L.O.S. Fieldtrip to North Wales - Sunday 13th October 2019

DYDDIAU GLAWOG A DYDD SUL (Rainy Days and Sundays in Welsh)

Our second excursion of the season, took us to RSPB Conwy and an 'off the cuff' visit to Llandudno, and the Great Orme. On arrival at RSPB Conwy, the skies were dark with the threat of impending rain and the surrounding foothills cloaked in sporadic low cloud. The air was still and surprisingly warm considering. After a quick drink we headed out onto the reserve

Curlew, Oystercatcher, Redshanks and Black-headed Gulls (c) Mandy Robertson.
The first couple of hides we found some of our more common birds: Coot, Moorhen, Gadwall and Mallard. The next hide we came across the reported Spotted Redshank, amongst a flock of some 200 Redshank which unfortunately moved towards the rear of one of the islands and out of sight. There was also an Oystercatcher, plus a herd of Curlew calling in the breathless air.

Spotted Redshank in winter plumage (c) Keith Williams
Moving on to next hide we came across two Red-breasted Mergansers, males in eclipse plumage, bearing the unmistakable white streak along their flanks. We headed further round the large pool to the various screens hoping for closer views. Along the way flocks of Long-tailed Tit, Goldfinch and Greenfinch with numerous Blackbirds feeding on the heavily-laden berry trees.

Little Grebe (c) Mandy Robertson
On reaching the screens at the top end of the pool, the Mergansers had seemed to moved on. We were left with a Little Grebe and a handful of Teal. Reaching the estuary we spotted one of the Red-breasted Mergansers returning to feed, so eventually we had closer views.

Red-breasted Merganser (c) Paul Pennington
Working our way down the bank of the estuary, good numbers of Meadow Pipit, the odd Reed Bunting, 100 plus Teal mixed with Gadwall and Mallard. Three very late Swallows took advantage of the fly-rich air. Then the rain came. We took shelter in one of the hides looking back inland and over the large pool. Here the Redshank and the Spotted Redshank gave great views. A dozen Snipe hugged the banks of the islands, a Little Egret stood looking miserable, as the rain became heavier. The rain eased somewhat and we completed the circuit. We decided to indulge in a well-earned coffee in the café, time to deliberate our next move.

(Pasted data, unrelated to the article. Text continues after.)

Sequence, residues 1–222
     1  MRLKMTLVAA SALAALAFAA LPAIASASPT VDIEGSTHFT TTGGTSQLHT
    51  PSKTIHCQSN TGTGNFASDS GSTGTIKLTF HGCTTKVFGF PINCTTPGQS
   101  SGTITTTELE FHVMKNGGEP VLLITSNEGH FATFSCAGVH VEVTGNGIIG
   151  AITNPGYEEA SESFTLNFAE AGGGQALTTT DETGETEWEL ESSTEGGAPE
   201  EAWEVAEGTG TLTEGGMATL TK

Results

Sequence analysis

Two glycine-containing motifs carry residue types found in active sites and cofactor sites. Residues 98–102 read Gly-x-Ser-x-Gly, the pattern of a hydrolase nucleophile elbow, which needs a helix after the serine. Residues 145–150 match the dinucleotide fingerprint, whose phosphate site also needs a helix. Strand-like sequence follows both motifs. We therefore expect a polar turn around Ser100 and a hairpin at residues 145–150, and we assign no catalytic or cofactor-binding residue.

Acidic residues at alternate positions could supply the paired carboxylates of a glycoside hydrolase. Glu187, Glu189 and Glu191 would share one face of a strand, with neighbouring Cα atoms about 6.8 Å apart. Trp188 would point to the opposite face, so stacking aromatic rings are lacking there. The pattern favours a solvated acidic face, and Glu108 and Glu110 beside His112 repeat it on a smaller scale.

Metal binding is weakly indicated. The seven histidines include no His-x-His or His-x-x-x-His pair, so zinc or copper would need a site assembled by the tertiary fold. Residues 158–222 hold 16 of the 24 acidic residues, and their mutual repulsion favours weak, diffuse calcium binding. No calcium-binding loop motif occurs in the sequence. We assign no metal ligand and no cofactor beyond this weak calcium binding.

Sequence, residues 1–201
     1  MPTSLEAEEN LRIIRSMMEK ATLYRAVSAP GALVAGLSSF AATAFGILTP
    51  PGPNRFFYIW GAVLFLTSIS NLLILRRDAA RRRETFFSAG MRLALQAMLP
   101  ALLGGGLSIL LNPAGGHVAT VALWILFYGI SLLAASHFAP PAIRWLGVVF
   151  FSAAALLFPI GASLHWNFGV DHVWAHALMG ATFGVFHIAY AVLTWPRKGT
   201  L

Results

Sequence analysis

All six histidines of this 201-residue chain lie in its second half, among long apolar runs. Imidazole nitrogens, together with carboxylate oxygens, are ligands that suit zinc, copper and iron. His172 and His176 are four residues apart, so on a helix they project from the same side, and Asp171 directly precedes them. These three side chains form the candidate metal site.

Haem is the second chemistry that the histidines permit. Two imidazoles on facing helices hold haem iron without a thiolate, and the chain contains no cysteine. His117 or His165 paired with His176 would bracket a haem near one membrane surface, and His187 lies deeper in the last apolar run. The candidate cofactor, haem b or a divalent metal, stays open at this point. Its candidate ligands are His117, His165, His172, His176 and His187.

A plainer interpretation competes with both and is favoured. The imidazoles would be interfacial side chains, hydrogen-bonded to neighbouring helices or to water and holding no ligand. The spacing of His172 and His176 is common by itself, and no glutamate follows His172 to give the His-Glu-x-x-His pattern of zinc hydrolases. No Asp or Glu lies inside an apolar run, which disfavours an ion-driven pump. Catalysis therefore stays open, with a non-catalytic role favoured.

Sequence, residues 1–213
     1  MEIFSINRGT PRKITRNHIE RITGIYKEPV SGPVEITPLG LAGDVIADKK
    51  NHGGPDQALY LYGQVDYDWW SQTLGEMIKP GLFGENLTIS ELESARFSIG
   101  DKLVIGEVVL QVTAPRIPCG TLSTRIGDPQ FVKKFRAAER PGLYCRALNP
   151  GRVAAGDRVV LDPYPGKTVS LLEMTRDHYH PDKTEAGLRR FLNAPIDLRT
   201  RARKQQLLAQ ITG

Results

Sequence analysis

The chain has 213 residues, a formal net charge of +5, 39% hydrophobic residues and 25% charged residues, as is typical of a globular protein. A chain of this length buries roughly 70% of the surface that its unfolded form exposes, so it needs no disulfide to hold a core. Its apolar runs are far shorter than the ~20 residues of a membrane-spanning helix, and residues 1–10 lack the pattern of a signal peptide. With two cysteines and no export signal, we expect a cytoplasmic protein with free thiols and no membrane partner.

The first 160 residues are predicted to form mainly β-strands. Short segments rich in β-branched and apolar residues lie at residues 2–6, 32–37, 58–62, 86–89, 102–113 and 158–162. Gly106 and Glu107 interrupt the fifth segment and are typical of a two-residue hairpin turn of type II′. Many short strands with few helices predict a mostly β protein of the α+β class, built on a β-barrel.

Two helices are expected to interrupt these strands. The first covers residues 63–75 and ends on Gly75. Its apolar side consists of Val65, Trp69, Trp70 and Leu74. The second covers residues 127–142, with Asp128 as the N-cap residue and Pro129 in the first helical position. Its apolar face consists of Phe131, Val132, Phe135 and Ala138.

Little Egret (c) Graeme Robertson
Over coffee the consensus was to head over to the Great Orme. There had been reports of a Yellow Browed Warbler and four Ring Ouzel by the old Copper Mines. On reaching the top tram stop car park of the Great Orme, we were shrouded in cloud and heavy rain and visibility was very poor. Could this be a mistake!?! Fortunately the after some 15 minutes, the sun broke through and with it wonderful views down the Orme and a chance we could find the Ouzels and the Warbler.

Chough (c) Keith Williams
Working our way down towards the Copper Mine we were on the alert. A female Kestrel gave good views perched on a dead tree, no doubt drying out from the afore mentioned deluge. In vain we searched high and low in the reported area, but to no avail. So we returned to the cars.

Kestrel (c) Keith Williams
It was decided as we made our way back that we would visit the limestone pavement. On route a magnificent Kashmir Goat (Tup), one worthy of the Welsh Guards, wandered along the roadside, stopping to watch our cars as we passed slowly.

Male Stonechat (c) Paul Pennington
On reaching the limestone pavement, we decided to do a small circuit of the area. A good decision. Two pairs of Chough, a pair of Raven, a solitary Buzzard and numerous Stonechat, which ended a fruitful day. In all 52 species recorded by the seven intrepid souls who attended.
Thanks for company and hope to see you all on the next trip.
Paul Pennington
L.O.S. Fieldtrips Officer

1 comment:

David Shallcross said...

A great report and fab pictures

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